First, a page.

I’ve talked a lot about mother hens here on this blog. Go figure, huh? We seem to always have baby chicks being hatched. This spring/summer especially has been a boom of broody hens. More than I’ve even mentioned, to be honest.
Pavelle, Rapunzel, Ashley, Tweety, Claire, Ashley (again), Eugenie, and Pavelle again. Ashley got put in Broody Jail twice after her escapades in raising babies last year. Poor Claire spent 6 weeks being broody because her first set of eggs didn’t hatch (some died, some were duds).
It’s Claire, along with her daughter from last year’s hatch, Eugenie, who are the subject of today’s post.
You see, when Claire lost the first set of eggs, I decided to give her new, because Claire is a proven good mother and I felt sorry for her losing her babies she worked so hard for. Eugenie had started to go broody the day or two before and I was deciding what to do with her when I gave Claire her new eggs.
For whatever reason, I gave both of them four eggs each, for a total of eight chicks if they all hatched.
Last Wednesday night, the first chick began break out of his shell under Claire. He was STILL breaking out of it Thursday morning when I returned to the coop to find Eugenie had two fluffy little chicks under her, and Claire had one more pipping.
By Friday morning, we had a total of four chicks, one dead EE (still in eggs) and two duds. ( and one which had been broken by Pavelle the week prior, because she decided she needed to go broody again,too, and needed to use Claire’s nest to do it.)
So… four babies, two mother hens.
I tried to put them in separate areas of the coop, but as has been the theme this year, the mommas’ both rejected my cat carriers in favor of the floor under the nesting boxes – – AND they decided to co-raise their four chicks together.
The first couple of days were rough all the way around. Both hens were in extreme broody momma mode and in addition to chasing other chickens away from their wee little ones, Claire would lunge at Eugenie and chase her off, too. Undaunted, Eugenie would com back, but had too much respect for her mother to chase back.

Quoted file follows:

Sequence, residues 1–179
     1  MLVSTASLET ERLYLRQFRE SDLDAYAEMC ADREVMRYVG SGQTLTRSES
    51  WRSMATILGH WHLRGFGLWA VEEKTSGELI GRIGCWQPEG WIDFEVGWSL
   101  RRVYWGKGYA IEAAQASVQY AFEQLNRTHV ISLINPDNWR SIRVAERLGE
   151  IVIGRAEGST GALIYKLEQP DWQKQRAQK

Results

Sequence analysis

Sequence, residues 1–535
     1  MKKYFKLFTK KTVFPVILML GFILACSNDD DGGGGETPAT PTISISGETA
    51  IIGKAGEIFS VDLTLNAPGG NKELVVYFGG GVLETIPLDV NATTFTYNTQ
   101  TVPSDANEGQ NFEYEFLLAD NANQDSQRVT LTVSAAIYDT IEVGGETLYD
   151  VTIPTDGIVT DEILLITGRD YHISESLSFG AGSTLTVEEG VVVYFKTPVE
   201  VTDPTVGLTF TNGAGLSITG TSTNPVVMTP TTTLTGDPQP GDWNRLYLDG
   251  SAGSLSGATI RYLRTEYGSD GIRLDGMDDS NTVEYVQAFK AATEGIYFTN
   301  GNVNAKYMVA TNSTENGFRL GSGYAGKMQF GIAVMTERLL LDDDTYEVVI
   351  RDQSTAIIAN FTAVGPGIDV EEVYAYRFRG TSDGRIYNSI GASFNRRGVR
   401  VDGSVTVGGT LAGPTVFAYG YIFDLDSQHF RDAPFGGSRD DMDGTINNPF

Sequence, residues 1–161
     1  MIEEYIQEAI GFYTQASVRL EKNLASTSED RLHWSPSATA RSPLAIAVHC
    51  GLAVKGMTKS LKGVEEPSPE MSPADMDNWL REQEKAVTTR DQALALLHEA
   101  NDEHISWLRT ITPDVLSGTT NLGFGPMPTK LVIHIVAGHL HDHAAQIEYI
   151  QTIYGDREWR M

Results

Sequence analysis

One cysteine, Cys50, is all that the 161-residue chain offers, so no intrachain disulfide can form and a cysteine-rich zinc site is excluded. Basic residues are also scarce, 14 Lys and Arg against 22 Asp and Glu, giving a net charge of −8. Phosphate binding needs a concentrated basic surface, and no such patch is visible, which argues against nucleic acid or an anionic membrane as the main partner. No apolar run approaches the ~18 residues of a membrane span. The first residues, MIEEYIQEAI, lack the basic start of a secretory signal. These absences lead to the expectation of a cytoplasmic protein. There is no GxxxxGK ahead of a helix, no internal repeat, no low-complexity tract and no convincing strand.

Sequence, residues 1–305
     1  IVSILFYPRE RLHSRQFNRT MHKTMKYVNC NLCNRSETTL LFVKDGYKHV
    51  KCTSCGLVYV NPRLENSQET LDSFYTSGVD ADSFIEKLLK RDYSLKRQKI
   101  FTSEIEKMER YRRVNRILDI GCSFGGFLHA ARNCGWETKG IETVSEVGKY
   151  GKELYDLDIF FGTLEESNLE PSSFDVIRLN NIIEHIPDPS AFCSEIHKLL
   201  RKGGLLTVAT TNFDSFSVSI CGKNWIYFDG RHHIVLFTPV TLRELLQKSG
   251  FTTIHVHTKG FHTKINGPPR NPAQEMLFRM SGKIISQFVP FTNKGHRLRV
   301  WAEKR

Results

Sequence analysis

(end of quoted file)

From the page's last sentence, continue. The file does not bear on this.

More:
The other hens started laying eggs outside because it was too much drama to try and lay in the coop.
But as the weekend and the early part of this week progressed, mothers and babies fell into a rhythm that worked of all of them.
I’ve been amazed, watching them navigate a very confusing social situation. Once the initial ‘turf wars’ were over and Claire accepted that Eugenie wasn’t going to give up her rights to her babies, they ironed out a system of rearing. Co-parenting at it’s finest.
It began in the coop, with one mother sitting on some of the chicks while the other taught one or two to scratch and dig. Then they would swap.
They babies usually sleep under Claire at night, while Eugenie sleeps in the nest above them.
Claire took the first brave chick outdoors at three days old, while Eugenie mothered the other three in the coop.
When all four babies were in the coop playing and eating, Claire would teach while Eugenie stood guard against threats (or perceived threats) from other hens.
After a few days, Claire got all four of them outside. Eugenie followed and they took turns showing the babies how to dig in the dirt to find yummies.
When they go outside, one mother (usually Claire) leads them down the ramp and the other (usually Eugenie) follows behind the stragglers, ensuring that no baby is left behind.